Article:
Now where this analogy falls down is in the fact that I think people will and should get married whether they understand or agree with this symbolism or not. Marriage is a good gift from a good God for a variety of good purposes.
    I do believe that a gay couple might marry and be able to enjoy some of these good purposes (namely, lifelong friendship, end of loneliness, expression of faithfulness and committed love, growth of character and a daily opportunity for servanthood) but there are at least three key areas that gay marriage does not fulfill God's purposes for marriage.
    1. Representing and display of the relationship of Christ as husband of his bride the Church. (you've heard the argument from Ephesians 5 before, so I'll just move on)
    2. The one place where sex and sexual desire can be expressed, enjoyed and satisfied in a way that God has permitted. (clearly sex outside of marriage breaks this one down as well)
    3. The designed and healthy (I use that word cautiously) place for children to be conceived, born and raised.

    To expand on point two, probably the clearest reason for me why I can never fully agree with gay marriage, is quite a simple one, although I know it will be of no use to anyone other than a Christian.
    My thinking is this: Although, I believe very strongly that a Christian should not marry a non-Christian, if two non-Christians married and then one became a Christian, I would never advise the Christian to end their marriage. Paul teaches this in 1 Corinthians 7:12-13.
    But if two guys married (or even if they were simply in a committed defacto relationship) and one of them became a Christian, I would encourage the Christian (at the appropriate time) to end the relationship as homosexual sex is so clearly forbidden in scripture and so to practise it, can not be consistent for a Christian who has committed their life to following the God and the gospel of the bible. If unfortunately, they were legally married, I would expect in time that they would have to go through the frustrating, costly and painful process of getting a legal divorce. In a nutshell, I believe God honours as legitimate interfaith marriage and I don't think God honours as legitimate gay marriage.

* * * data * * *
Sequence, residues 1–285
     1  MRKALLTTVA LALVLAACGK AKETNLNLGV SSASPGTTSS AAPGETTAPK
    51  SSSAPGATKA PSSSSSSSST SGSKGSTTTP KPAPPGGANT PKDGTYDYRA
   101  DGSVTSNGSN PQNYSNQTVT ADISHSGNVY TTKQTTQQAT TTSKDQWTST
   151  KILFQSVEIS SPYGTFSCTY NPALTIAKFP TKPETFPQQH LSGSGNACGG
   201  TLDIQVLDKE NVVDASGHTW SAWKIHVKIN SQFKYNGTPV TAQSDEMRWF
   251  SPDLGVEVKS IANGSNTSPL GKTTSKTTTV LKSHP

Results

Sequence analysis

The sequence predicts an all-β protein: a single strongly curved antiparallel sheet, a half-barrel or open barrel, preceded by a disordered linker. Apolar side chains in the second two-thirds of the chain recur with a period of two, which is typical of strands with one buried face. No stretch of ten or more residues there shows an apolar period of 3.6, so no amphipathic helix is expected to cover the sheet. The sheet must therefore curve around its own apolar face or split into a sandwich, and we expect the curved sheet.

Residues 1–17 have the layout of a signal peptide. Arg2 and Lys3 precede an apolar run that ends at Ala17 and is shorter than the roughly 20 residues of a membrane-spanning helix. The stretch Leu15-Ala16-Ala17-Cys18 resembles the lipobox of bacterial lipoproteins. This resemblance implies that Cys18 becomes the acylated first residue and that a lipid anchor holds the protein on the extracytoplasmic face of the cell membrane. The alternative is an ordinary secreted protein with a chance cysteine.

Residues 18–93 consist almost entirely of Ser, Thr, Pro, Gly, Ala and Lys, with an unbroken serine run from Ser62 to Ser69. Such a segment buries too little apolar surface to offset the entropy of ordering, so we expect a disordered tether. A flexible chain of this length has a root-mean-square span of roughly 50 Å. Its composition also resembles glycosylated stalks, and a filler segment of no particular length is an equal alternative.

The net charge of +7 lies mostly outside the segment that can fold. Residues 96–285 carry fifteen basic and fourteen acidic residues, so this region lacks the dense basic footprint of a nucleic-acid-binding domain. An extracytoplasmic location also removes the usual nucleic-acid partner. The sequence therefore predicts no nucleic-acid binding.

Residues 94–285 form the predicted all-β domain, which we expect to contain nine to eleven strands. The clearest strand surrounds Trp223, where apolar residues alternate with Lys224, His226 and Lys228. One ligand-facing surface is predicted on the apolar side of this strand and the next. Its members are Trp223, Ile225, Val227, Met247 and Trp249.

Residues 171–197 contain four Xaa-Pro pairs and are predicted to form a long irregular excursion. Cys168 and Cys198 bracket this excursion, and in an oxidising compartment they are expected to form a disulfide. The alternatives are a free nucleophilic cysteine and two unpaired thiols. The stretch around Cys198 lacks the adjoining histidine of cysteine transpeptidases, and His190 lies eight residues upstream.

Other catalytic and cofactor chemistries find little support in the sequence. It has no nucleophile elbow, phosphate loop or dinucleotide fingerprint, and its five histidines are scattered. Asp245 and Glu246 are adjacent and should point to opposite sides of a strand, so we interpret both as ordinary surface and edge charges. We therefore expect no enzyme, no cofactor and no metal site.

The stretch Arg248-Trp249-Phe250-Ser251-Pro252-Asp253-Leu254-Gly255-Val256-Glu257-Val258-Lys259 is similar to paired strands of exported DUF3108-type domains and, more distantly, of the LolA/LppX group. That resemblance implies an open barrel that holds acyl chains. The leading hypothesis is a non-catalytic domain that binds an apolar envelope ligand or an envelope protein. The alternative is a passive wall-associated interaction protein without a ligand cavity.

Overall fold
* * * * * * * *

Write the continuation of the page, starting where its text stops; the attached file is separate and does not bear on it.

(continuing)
If I believe all that, how can I endorse a legalisation of gay marriage? It seems hypocritical.
    I understand that sadly many won't become Christians, and I also understand that there are some who identify themselves as both Christians and gay and do not see the biblical inconsistency that I do. But I can not escape what I see and understand is God's position on sex and marriage.
    Again, I realise that this will not convince you or many others. It simply explains my position on the issue.

    I know that you will have many many issues with what I have just said. We disagree on some fundamental premises on this issue, so I don't expect that you will like what I've written.

  5. Simon,
    I watched about half the youtube video on my phone. Alas my best internet connection is through the library and hence no sound without headphones. I was impressed by the women’s bravery. I also think it raised some interesting questions about the dynamics of a relationship. For example we may say she has no relationship with an object but we may want to stop yourself before we make too much of give and take in defining a relationship. After all if your wife was in a coma would you still have a marriage?

    Despite the interesting nature of the video I feel like it’s an insult to compare a same sex relationship to object sexuality. Obviously a gay love is as unalike object love as your relationship with Cat is. In fact they are precisely as unalike as your relationship with Cat minus your insertion of your relationship into a broader performance of heterosexuality. And that insertion renders Cat more of an object not less as her unique individuality becomes less important than her membership of a class. But you're still not a bridge lover. :)

    I also think we need to clear up our question. The issue is not whether Christians can prohibit or hinder homosexual marriage by law. There is clearly no permission in scripture for that. In fact if we look at the far clearer commands of scripture such as not worshipping other Gods we can see that this is an absolute rule for Christians and even a broader instruction for everyone however there is no permission to legislatively hinder other faiths. Similarly it is not the place of a Christian church to prohibit remarriage or to shut down restaurants where food is offered to other Gods or to make it easier to enter heaven by taking rich people’s property off them. These are all much, much clearer than injunctions against homosexuality. It is grossly imbalanced to read injunctions against homosexuality in a different light than all these other injunctions in regard to the right to hinder them by law even if the motivation is a love for the homosexual. There is nothing in the text to justify this distinction. Quite frankly it seems opportunistic.

    So for me the only question is whether people who view Marriage as sacred can celebrate same sex relationships inside that sacredness. You raised three points and I’d like to address them in reverse.
    (which I have to do in next comment due to word count!)